Self Image in 2013 by Amanda Reed

Tuesday, January 1, 2013

As we start a new year, many of us are making resolutions, or avoiding making resolutions, or resolving to call resolutions something else, so that it’ll be different this year than it was last year. And in any case, most will probably have forgotten them or altered them in some way by January 15th. We have good intentions. It’s a fresh start, right? Out with the old and in with the brand spankin’ new.

For some of us the new is keeping in touch with friends or family that we often lose contact with after the holidays. For some, it’s to be more patient with our littles, or to do more activities with them. And there are, on a different spectrum, those that are hoping to make more money this year, to get a promotion, to work harder then they have before. There are a wide range of needs and wants, carnal and spiritual, that we are wistful about as we say goodbye to 2012: to pray more, to read more, to be more… to be better.

Commonly, at this time of year, we also resolve to “fix” our body. I’m certainly there myself. I want to lose “a lot” of weight this year, and to get as strong and as fit as possible. You may want to lose a few pounds yourself, or to gain a few pounds, or to change that soft, squishy part to a firm, muscled part or to get some fancy serum that promises to tighten the wrinkles around your mouth and eyes. Whatever your resolution concerning your body may be, I’d like to impart something to you regarding your self image.

I’ve been a member of the “yo-yo dieters of the world club” for many years now, I’m like the vice president or something, I swear. And for the last 3 years, I’ve also been a member of a very popular weight loss group, you probably know the one. During this time, I’ve learned a lot about myself and about others who struggle with their body image. So, at the risk of sounding like a know it all (I’ll pass out wet noodles to beat me with after), here we go.

First and foremost, it’s a mental struggle; before food or drink, and before exercise or the lack thereof, we have the battle of the bulge in our brain (ha! I’m so clever!). Now I don’t mean that you need to sit for hours trying to figure out the exact moment you gave up on your body, or seeking out the person or persons that wounded you so gravely that you lost your self worth. You don’t need to go find a personal trainer, Jillian Michaels style, that will scream at you until you break down crying and spill your guts about how awful your mom or dad or childhood bully was. Because the fact is, most likely, you are your own worst bully. I recently read a book by a very famous person about learning to talk to ourselves more positively. Her book costs money, but I’m going to give you the gist for free. (I’m so nice! Give me back those noodles…)

When you see your best friend in the whole world, do you look at them and say, “Gee whiz, Meredith*! Eat a cow today?” or “You are so stupid stupid stupid!” No, of course not, because (a) Meredith wouldn’t stay your friend for very long if you did and (b) because you don’t see her that way. You see your beautiful friend that has been with you through thick and thin, and has always listened to you cry and laughed with you when you were joyful and loved you even when you were a little unlovable. (*I picked that name from nowhere, so if your name or your best friend’s name is Meredith, pretend I said Louise.) And yet, we do those exact things to ourselves all the time. You are with you through thick and thin, too, and through joy or tears or unlovable crabby times. And yet you (and I) treat ourselves like rubbish.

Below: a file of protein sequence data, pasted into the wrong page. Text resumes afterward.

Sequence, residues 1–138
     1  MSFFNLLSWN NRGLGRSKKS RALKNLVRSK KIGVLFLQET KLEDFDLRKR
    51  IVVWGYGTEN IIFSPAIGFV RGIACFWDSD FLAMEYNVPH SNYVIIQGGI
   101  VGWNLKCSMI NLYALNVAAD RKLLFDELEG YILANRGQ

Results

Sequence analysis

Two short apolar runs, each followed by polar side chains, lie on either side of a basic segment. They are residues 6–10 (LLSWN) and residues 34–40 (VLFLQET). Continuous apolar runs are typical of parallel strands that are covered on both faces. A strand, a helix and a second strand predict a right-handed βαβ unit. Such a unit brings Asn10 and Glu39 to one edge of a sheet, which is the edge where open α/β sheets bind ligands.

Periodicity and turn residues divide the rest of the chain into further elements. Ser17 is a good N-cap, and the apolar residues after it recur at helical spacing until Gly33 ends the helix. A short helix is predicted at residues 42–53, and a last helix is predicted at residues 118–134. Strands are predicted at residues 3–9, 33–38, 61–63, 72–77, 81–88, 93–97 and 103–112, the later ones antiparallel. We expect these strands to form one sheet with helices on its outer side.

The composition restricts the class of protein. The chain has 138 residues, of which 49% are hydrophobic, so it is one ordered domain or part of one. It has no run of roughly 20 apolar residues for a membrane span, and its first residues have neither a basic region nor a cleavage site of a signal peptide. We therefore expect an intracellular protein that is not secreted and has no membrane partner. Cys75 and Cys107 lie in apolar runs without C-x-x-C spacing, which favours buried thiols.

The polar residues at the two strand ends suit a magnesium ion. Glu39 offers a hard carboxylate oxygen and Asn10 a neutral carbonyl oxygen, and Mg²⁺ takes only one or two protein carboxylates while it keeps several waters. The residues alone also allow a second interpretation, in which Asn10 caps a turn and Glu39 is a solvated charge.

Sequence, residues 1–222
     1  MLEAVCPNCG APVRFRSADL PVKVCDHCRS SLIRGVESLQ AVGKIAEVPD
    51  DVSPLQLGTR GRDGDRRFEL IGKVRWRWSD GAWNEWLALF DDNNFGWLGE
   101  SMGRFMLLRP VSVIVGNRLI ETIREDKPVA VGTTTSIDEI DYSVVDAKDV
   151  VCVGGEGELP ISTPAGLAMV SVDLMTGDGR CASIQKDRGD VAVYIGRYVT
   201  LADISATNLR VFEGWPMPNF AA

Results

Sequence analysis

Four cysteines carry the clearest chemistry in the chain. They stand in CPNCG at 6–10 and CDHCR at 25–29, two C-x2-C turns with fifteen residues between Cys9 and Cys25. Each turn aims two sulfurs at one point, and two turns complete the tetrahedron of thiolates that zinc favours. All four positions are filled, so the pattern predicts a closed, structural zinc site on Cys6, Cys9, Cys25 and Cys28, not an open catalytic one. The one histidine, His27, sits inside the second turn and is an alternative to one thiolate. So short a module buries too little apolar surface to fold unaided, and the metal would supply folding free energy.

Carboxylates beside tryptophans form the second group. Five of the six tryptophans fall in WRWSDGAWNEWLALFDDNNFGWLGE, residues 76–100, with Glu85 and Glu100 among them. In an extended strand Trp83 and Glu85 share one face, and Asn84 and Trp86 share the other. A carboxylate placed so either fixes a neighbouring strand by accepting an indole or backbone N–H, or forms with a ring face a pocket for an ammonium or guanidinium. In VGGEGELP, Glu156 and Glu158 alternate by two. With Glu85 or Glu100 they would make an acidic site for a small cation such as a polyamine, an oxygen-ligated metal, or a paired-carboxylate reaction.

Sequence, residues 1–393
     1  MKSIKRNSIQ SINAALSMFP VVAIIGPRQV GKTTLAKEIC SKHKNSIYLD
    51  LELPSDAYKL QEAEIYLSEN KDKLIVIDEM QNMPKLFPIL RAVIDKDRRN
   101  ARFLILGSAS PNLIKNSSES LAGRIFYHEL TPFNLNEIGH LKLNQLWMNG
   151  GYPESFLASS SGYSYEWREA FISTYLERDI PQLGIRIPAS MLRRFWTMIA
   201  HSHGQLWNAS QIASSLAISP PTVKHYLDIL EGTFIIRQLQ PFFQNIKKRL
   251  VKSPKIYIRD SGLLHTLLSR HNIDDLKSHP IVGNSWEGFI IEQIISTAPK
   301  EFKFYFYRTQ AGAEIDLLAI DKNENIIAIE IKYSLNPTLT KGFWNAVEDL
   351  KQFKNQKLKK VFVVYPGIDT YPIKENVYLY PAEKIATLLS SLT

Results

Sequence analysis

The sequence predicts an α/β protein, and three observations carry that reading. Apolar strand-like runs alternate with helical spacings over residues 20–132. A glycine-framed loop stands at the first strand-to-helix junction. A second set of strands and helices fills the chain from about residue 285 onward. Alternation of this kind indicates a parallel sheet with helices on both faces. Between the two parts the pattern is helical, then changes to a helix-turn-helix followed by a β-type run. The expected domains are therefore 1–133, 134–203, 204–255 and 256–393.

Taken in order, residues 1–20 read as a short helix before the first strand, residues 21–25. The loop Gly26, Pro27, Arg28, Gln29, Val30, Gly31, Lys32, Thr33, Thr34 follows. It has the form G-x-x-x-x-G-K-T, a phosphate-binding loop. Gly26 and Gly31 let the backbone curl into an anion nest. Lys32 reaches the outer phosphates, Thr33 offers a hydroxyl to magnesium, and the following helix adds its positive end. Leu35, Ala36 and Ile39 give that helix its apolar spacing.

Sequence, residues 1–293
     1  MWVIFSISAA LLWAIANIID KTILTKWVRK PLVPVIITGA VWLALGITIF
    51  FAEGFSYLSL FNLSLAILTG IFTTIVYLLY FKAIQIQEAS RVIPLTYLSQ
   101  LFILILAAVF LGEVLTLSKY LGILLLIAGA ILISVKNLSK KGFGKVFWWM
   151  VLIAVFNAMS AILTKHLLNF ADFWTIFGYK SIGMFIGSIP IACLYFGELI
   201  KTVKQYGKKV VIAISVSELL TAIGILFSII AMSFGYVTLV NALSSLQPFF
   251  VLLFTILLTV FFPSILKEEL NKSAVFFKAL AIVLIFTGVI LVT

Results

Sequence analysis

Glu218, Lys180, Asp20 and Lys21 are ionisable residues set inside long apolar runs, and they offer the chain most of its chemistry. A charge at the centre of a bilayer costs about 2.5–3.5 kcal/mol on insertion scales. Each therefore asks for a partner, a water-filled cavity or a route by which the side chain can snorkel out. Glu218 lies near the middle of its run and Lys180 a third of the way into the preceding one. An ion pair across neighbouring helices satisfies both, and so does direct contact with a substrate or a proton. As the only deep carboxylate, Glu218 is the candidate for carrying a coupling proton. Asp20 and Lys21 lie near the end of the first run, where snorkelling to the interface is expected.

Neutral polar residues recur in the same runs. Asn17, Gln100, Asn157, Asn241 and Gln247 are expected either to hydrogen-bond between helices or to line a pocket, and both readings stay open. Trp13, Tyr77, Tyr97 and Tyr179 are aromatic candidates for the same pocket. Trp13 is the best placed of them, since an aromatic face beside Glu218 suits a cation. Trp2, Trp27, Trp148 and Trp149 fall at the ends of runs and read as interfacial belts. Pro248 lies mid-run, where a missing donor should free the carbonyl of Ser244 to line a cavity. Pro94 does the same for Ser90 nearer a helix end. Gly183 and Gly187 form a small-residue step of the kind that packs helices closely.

Now is the time to realize that, and this is my own quote - I’m so smart:

A body is a body, regardless of whether the person abused food or was using food to abuse themselves. And your body is just that: yours. Your own. It’s the only body you get. Loving yourself, no matter how you look, is the single most important thing any person needs to overcome whatever caused them to gain the weight in the first place. It's a mental battle field before all else. We must love ourselves the way we are to realize we are worth the effort to take back our health!

You can take out the gaining weight part and put in whatever matches your circumstances. Because it’s true, regardless. We must begin to love ourselves, no matter what we look like or how we feel or whether we’ve abused ourselves or been abused by others. That does not mean that we must be satisfied with our lot, or ok with our lumps, it just means that we love who we are and what we are no matter where we are … in life, in our journey, or in our place in the world. That is the first step to a successful resolution. Take it day by day, talk to yourself in the mirror, hug yourself, and tackle the bad internal dialogue, and that’s how you will see changes. Because you cannot change the outside, without first changing the inside.

Alright, that was so way too deep… I need to do something goofy and frivolous now, like dance around or make funny faces. Do you know how to spell that sound you make when you stick out your tongue, clamp it with your lips, and blow (otherwise known as a raspberry)? It’s just like this, and I quote, “plllbbbbbbbbbbt”. Three Ls and ten Bs. I’m serious. Sometimes we need to do that to ourselves in the mirror, too. Hehe.

Anyway, if you’re interested in reading the book I mentioned, it’s called “Talk To The Mirror” by Florine Mark. And I resolve to read it cover to cover before January is out. I wish you a happy new year and a happy new you.

About Amanda: Amanda is a homemaker, wife and mother. She has a deep love for the Lord and family. You can learn more about Amanda at her blog Shine Like the Moon

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